Dum Dum Girls: Bedroom eyes

By Danielle Street

Dum Dum Girls’ frontwoman Dee Dee Penny knows marriage and rock’n’roll don’t always form a blissful union. But Penny remains philosophical regarding the bouts of separation from her husband, Chris Welchez.
The Dum Dum Girls are heading to New Zealand. Photo / Supplied
The Dum Dum Girls are heading to New Zealand. Photo / Supplied

Dee Dee Penny has managed to nap the day away with her husband in a hotel room in Brussels. A peaceful moment of relative normality stolen during the organised chaos that comes with touring a band to the other side of the globe.

"It's the life that we have chosen, so you have to make an effort," Penny says in her soft West Coast drawl. "But we are definitely trying to spend a lot more time together."

Consequently, when it came time to tour the group's sophomore album, Only in Dreams, Welchez came along for the ride - first with around US, and then on tour with "the girls" in Europe this month.

It is perhaps a little ironic, considering that the chasms caused by the couple's separate expeditions provided much of the material for the album, alongside inspiration drawn from the death of her mother from cancer last year.

"The main theme of the record is sort of a semi-awareness of a great divide between what you have and what you want," says Penny. "And things existing in the dream realm, because they are not actually possible to have in real life."

Only in Dreams has been described as the biggest musical evolution for Dum Dum Girls, which, despite their name, began as a solo bedroom project for Penny, whose real name is Kirsten Gundred.

It is undeniably a more polished sound, thanks to the help of esteemed producer Richard Gottehrer, who has worked with bands ranging from '60s girl group The Angels to all-female new wave act The Go-Gos. Gottehrer, therefore, was the perfect person to pull Penny's shy vocals to the fore and reveal her sultry tone.

Another difference from previous releases is the surf guitar thread that stitches Only in Dreams together, a style Penny admits she has always been drawn to.

"One of the first records I remember listening to from my Dad's collection was a Ventures record, and I've always really loved that. The issue for me, and why it's maybe not apparent in the other recordings, is that I am not a very good guitar player."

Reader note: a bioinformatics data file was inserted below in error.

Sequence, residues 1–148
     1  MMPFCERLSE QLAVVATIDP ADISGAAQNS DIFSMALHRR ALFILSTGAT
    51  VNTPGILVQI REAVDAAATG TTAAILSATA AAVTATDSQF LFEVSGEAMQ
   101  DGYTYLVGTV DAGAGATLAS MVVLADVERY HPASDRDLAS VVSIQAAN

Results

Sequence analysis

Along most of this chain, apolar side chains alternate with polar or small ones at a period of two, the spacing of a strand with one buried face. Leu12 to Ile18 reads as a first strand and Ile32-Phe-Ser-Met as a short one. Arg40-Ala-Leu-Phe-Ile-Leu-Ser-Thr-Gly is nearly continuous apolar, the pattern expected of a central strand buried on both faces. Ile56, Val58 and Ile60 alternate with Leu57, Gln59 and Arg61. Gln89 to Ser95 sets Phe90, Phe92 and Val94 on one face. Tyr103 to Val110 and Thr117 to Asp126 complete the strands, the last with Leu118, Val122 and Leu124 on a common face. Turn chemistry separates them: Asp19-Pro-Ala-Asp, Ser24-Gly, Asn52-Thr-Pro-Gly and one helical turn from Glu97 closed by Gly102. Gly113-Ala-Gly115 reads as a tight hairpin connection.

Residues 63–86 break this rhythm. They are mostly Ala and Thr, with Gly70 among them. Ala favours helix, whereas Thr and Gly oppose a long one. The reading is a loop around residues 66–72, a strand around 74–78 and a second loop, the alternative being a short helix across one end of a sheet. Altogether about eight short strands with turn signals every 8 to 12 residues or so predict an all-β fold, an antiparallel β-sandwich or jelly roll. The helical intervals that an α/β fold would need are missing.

Enter bandmates Jules on guitar, Bambi on bass and Sandy on drums. Previously hired guns for touring, this is the first album Penny had ever had play on something she has recorded.

"I don't know that it'll really ever cross over from being my band. I'm still the songwriter, and still the leader in that sense, but we definitely have become more of a family."

Assembling an all-girl band was no sweet accident - Penny had been inspired over the years by bands that were predominately women, and knew it was a tradition she wanted to tap into.

"It just seemed like there was a different sort of energy and I was curious what that sort of experience would be like... and it worked so well."

Dum Dum Girls have their rock'n'roll aesthetic locked down. The black vintage dresses, dark glasses, long legs, red lipstick and cool stares - it all equates to definite rock'n'roll cool factor.

It was fitting then that the band recorded at Josh Homme's Pink Duck Studio in Los Angeles. There, surrounded by leopard print and Elvis paintings, the Dum Dum's got to indulge in some classic equipment.

"It was quite a museum of vintage gear, a pretty unbelievable collection of amplifiers, guitars and bass guitars," recollects Penny. "Josh came to visit one day, and he rolled up on his motorcycle with his leather jacket. It was almost comical how rock'n'roll it felt."

Seeing her brainchild flourish was a rewarding process for Penny. But, in the spirit of evolution, she is aware she doesn't want to repeat herself and "make the same record" again.

Her next release will be a collection of "atmospheric dream-poppy" songs recorded in her current hometown of New York, originally intended as B-sides for Only in Dreams.

In the meantime Penny will be busy continuing to tour around the world. The Dum Dum Girls will be arriving in New Zealand in January, sans Welchez, who is unable to come.

Nevertheless, Penny is cool about the impending time away from her husband, and excited to bring her band to these shores for the first time.

* Volume presents Dum Dum Girls at Auckland's Kings Arms on Friday 6 January - tickets from undertheradar.co.nz and Real Groovy.

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